Roku follows through with its threat to remove the YouTube TV app

Roku follows through with its threat to remove the YouTube TV app

After warning customers they may lose access to YouTube TV, Roku on Friday removed the app from its channel store, escalating a disagreement between the two companies. If you currently have the YouTube TV app on your Roku device, you can still access it, but new users can no longer download it to their device.

The latest development is related to an expired distribution agreement between Roku and Google for YouTube TV. Roku has accused Google of seeking “unfair and anticompetitive requirements to manipulate your search results, impact the usage of your data and ultimately cost you more.”

“While we are deeply disappointed in Google’s decision to use their monopoly power to try and force terms that will directly harm streamers, we remain committed to reaching an agreement with Google that preserves your access to YouTube TV, protects your data and ensures a level playing field for companies to compete,” Roku previously said.

In response to today’s news, Google published a blog post (via Droid-Life) accusing Roku of requesting special treatment.

“Our initial conversations started with Roku simply to renew the current terms of their ongoing deal with YouTube TV, which has been in place for several years,” Google said. “Our offer to Roku was simple and still stands: renew the YouTube TV deal under the existing reasonable terms. However, Roku chose to use this as an opportunity to renegotiate a separate deal encompassing the YouTube main app, which does not expire until December.”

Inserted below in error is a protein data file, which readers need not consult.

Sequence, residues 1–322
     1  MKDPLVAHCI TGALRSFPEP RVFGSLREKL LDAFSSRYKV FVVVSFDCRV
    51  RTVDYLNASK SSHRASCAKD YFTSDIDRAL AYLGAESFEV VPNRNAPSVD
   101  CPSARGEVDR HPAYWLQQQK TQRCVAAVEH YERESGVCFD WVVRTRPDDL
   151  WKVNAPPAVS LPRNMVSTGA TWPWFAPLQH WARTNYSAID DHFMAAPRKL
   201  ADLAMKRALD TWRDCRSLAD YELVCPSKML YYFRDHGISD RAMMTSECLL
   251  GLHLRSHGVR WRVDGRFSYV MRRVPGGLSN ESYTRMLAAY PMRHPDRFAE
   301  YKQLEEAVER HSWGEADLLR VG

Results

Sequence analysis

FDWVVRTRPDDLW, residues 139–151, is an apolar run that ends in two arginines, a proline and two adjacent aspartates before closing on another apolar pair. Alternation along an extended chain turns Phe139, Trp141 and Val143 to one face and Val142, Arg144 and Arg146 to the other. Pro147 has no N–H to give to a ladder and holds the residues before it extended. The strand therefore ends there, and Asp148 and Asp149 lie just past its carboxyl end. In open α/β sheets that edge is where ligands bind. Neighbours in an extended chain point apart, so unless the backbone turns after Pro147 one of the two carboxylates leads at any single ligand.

Google goes on to say that it never made any quests to access user data or interfere with search results. “This claim is baseless and false,” Google said. The search giant does seem to admit, however, that Google is adamant Roku get on board with the AV1 codec — something that was speculated earlier this week.

“Our agreements with partners have technical requirements to ensure a high quality experience on YouTube,” Google said. “Roku requested exceptions that would break the YouTube experience and limit our ability to update YouTube in order to fix issues or add new features. For example, by not supporting open-source video codecs, you wouldn’t be able to watch YouTube in 4K HDR or 8K even if you bought a Roku device that supports that resolution.”

It sounds like discussions are ongoing, but judging by their statements, it doesn’t sound like either company is willing to budge. Ultimately, the consumer loses out, because it means Roku users can’t download YouTube TV — at least for the time being. We’ll bring you updates as they’re made available.

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Brandon Russell
Brandon Russell

Brandon's love of technology can be traced back to his childhood, when he would obsessively watch Back to the Future. Since then he's followed the industry and its many innovations, from handheld consoles to powerful smartphones. He's still waiting on a hoverboard.